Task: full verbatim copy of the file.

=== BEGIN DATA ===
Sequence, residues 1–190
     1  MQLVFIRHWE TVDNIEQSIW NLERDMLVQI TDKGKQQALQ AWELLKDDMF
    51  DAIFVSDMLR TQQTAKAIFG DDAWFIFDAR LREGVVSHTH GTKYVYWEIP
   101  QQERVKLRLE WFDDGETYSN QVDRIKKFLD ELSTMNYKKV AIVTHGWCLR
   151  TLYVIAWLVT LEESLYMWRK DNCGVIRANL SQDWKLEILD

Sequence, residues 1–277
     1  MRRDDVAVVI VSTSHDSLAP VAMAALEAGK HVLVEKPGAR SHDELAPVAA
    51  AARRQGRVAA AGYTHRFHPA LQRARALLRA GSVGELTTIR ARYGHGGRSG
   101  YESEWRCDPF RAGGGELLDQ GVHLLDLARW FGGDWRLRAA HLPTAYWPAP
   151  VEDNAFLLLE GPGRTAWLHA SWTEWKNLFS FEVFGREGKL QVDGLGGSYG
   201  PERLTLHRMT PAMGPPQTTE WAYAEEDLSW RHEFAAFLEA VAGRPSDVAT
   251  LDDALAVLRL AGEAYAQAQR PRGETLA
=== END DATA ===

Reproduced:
Sequence, residues 1–190
     1  MQLVFIRHWE TVDNIEQSIW NLERDMLVQI TDKGKQQALQ AWELLKDDMF
    51  DAIFVSDMLR TQQTAKAIFG DDAWFIFDAR LREGVVSHTH GTKYVYWEIP
   101  QQERVKLRLE WFDDGETYSN QVDRIKKFLD ELSTMNYKKV AIVTHGWCLR
   151  TLYVIAWLVT LEESLYMWRK DNCGVIRANL SQDWKLEILD

Sequence, residues 1–277
     1  MRRDDVAVVI VSTSHDSLAP VAMAALEAGK HVLVEKPGAR SHDELAPVAA
    51  AARRQGRVAA AGYTHRFHPA LQRARALLRA GSVGELTTIR ARYGHGGRSG
   101  YESEWRCDPF RAGGGELLDQ GVHLLDLARW FGGDWRLRAA HLPTAYWPAP
   151  VEDNAFLLLE GPGRTAWLHA SWTEWKNLFS FEVFGREGKL QVDGLGGSYG
   201  PERLTLHRMT PAMGPPQTTE WAYAEEDLSW RHEFAAFLEA VAGRPSDVAT
   251  LDDALAVLRL AGEAYAQAQR PRGETLA